All posts for the month August, 2011

Review of The South by Colm Toibin

Published 28/08/2011 by damselwithadulcimer

<a href=”; style=”float: left; padding-right: 20px”><img alt=”The South” border=”0″ src=”; /></a><a href=””>The South</a> by <a href=””>Colm Tóibín</a><br/>
My rating: <a href=”″>5 of 5 stars</a><br /><br />
I read my first Colm Toibin novel (Brooklyn) a few months ago and am a complete convert.  The South was his first published fictional novel and he shows many of the concerns of his later work in this earlier one.  There is a female protagonist, there are life changes, displacements and moves away from, and back to, home.  Enniscorthy features again and helps Katherine Proctor reach conclusions about her life, as well as being a place where she renews relationships.  Katherine travels, physically and metaphorically, between Spain and Ireland as she travels through her adult years.  She develops and matures, learns insights and suffers loss, but Toibin never judges her.  He deftly paints her and her surroundings, as she too takes up art.  He is more of a water colourist than an oil painter, but he writes deftly and precisely, getting under your skin and leaving lasting imagery with you.
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The Betrayal by Helen Dunmore

Published 20/08/2011 by damselwithadulcimer

I have to admit that Helen Dunmore can do no wrong where I’m concerned. The Betrayal picks up on the story of Andrei and Anna in post-war Stalinist Leningrad. I was impressed by the way Dunmore worked the earlier novel, The Siege, and her evocation of the sensations of hunger and cold that formed the background to Leningrad during the siege of 1941/2, and this later tale is equally impressive.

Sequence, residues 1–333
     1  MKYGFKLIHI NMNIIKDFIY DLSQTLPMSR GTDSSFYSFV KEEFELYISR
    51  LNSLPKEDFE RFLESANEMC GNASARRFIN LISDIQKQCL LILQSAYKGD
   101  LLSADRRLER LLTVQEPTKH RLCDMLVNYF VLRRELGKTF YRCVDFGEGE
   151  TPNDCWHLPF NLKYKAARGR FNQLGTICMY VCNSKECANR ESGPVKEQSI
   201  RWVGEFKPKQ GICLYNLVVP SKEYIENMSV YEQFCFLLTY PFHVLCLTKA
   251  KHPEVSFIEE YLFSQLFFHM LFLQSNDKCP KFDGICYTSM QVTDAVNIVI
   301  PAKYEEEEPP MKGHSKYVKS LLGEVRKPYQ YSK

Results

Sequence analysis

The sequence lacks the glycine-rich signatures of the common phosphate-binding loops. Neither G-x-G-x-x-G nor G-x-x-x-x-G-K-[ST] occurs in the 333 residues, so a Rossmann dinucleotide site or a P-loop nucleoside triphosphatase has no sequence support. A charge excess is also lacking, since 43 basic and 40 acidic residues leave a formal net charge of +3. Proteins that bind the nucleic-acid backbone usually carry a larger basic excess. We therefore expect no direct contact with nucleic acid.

The reader is sucked into the story of the young couple, and those around them. I found myself reading the book as if I were also waiting for that dreaded knock on the door. The fear and tension are palpable, as are the feelings of living under a totalitarian regime, where people can be arrested and accused of non-existent crimes merely because of the delusions of a paranoid dictator and the machine that grinds away under his wheels. It’s a story that makes you care desperately about the characters it depicts, even the less sympathetic ones, as you’re aware that everybody is a victim, even those who appear to wield power.

Dunmore researches and writes meticulously; you will feel as if you are in cold war Russia, struggling to survive and maintain your dignity.